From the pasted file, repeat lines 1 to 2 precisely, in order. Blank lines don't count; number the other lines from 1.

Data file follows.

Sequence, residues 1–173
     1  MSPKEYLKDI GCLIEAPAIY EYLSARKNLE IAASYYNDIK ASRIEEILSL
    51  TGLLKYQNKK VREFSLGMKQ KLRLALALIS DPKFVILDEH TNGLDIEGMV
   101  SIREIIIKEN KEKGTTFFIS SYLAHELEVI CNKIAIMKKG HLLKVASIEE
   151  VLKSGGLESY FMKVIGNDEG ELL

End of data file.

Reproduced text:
Sequence, residues 1–173
     1  MSPKEYLKDI GCLIEAPAIY EYLSARKNLE IAASYYNDIK ASRIEEILSL